Some tongue twisters proved to be challenging, especially when they had little reference to the real world. The tongue twister “Aadnan and Aanan in Aden,” or “two men in the Yemeni port city,” was particularly arduous, Kai explained in a phone interview. She studied the geography of the town, said to be one of the oldest city since the beginning of civilization. Inspired by this idea and by the Medieval images she found on the internet, Kai drew a labyrinth of towers, balconies, and gates, leading to a yellow ship sailing west from the fort.
Creating puzzling visuals, she drew from the Arabic calligraphic tradition where letters and words can also become whimsical silhouettes: Since part of the Arab culture had condemned representative art, Arab artists specialized in using calligraphy to create pictures from letters.
“I imagined the letters tangled together, but I also didn’t want the illustration to be just an abstract composition,” she wrote on her website. Rather, she employed Arabic letters in a modular way: each illustration hides a hint to the tongue twister, without revealing its obvious trick. “It’s a puzzle and needs to require some effort to figure out,” she winks. That’s exactly the case for Kai’s favorite illustration, the Arabic tongue twister “Rudi turns and gets dizzy,” which must be turned around by the reader to be understood. As Rudi gets dizzy while turning around, we see multiple faces rotating in the space. Sometimes, he is painted in orange, sometimes in turquoise (Kai’s favorite color). Most illustrations in Tongue Twisters use a primary color palette, using a limited range of hues.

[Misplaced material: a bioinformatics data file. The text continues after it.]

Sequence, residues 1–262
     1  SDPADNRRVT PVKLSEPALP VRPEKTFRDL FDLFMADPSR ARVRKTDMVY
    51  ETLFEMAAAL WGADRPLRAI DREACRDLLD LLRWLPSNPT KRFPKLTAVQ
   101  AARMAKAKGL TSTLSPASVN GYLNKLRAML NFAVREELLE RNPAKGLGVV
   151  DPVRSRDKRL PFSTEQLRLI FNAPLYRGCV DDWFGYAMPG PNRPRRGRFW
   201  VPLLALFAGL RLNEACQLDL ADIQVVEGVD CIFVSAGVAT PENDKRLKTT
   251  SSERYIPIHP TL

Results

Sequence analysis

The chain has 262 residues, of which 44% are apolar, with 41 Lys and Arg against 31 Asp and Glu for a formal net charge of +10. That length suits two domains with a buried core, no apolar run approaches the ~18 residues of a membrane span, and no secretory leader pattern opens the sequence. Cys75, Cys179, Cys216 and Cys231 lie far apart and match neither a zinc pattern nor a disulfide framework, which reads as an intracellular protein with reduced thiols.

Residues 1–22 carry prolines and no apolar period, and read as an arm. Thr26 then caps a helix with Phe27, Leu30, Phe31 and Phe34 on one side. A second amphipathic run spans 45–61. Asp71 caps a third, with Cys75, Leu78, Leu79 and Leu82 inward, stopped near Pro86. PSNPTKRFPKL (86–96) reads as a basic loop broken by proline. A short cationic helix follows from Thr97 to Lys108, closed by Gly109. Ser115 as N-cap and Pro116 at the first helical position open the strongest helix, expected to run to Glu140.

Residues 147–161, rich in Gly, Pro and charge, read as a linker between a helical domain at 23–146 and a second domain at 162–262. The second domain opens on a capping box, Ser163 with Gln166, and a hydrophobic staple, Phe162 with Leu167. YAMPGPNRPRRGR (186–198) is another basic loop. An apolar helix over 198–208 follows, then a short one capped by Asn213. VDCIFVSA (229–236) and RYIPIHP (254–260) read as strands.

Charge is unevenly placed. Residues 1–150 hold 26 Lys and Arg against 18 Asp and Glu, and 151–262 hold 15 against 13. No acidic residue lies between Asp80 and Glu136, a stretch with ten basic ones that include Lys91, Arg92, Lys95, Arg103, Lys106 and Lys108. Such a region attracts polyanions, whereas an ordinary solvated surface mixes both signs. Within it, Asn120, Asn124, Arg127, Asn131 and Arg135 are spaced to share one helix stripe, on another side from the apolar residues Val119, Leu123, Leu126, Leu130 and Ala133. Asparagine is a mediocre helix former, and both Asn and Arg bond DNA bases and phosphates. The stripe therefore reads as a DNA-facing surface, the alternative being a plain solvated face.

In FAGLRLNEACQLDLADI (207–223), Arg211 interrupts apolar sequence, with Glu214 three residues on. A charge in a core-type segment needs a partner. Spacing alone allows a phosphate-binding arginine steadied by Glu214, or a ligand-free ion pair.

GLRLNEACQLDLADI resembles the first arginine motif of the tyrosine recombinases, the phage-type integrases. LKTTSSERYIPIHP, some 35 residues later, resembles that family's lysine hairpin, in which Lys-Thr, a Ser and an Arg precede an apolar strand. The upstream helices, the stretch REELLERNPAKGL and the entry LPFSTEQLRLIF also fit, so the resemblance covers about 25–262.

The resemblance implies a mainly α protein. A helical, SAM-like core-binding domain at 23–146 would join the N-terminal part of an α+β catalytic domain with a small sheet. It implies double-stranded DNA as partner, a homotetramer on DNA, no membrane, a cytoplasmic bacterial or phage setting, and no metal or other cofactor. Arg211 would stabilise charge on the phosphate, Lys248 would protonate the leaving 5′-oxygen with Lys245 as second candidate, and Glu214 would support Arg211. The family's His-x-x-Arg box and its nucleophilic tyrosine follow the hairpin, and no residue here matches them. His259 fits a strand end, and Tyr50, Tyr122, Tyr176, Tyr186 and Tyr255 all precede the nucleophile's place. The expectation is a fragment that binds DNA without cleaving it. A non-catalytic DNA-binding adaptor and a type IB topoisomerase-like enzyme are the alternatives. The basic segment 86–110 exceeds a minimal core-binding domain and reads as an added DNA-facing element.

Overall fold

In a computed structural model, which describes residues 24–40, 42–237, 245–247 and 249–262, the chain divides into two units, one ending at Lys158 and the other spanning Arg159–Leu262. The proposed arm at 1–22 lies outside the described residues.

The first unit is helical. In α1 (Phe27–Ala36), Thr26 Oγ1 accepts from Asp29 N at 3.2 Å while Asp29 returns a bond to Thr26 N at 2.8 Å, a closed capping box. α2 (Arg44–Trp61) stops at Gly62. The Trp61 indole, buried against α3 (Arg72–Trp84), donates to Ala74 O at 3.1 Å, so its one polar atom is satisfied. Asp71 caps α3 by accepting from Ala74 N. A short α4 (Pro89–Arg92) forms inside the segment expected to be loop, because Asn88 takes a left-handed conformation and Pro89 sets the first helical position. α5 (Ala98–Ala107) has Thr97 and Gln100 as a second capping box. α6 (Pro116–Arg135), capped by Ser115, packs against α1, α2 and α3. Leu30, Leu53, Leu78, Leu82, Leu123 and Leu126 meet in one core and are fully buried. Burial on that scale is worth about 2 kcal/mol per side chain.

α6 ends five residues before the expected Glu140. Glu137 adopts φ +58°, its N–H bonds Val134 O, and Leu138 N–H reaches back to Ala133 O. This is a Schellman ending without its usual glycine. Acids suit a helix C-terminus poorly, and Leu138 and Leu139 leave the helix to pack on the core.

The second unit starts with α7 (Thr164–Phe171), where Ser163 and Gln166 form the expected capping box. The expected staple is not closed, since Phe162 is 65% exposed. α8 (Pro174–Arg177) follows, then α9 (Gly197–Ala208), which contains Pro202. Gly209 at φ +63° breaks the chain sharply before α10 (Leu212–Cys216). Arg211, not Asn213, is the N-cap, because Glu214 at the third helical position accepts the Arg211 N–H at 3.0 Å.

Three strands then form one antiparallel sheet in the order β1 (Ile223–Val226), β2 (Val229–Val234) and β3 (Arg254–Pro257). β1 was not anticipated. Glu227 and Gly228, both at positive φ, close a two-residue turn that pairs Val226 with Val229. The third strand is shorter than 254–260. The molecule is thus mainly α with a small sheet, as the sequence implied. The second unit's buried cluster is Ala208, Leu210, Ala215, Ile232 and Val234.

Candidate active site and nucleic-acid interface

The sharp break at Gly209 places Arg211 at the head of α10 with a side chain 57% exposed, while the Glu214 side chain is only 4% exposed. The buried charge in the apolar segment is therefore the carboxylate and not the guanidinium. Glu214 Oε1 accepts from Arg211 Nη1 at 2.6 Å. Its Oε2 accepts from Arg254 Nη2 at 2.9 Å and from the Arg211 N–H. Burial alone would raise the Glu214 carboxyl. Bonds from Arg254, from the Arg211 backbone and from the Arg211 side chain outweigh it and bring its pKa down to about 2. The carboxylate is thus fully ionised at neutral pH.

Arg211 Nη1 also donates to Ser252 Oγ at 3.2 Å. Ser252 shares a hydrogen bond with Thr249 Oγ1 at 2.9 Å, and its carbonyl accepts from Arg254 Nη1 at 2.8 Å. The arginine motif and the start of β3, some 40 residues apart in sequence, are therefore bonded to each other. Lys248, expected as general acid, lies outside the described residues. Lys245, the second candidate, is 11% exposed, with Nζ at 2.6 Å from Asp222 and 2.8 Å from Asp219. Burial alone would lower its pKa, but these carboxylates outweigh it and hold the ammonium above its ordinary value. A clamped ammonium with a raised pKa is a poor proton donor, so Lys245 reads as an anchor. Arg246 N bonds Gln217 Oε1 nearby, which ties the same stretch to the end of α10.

However, Kai’s first influences as an illustrator were not Arab. Rather, it was Charles Perrault’s illustrations and Marcel Marlier’s children’s book series Martine that nurtured Kai’s sense of fantasy (who received an early French education in Lebanon). As a teenager she fell in love with the Belgian comic journals by Tome and Janry, featuring the character of Le Petit Spirou.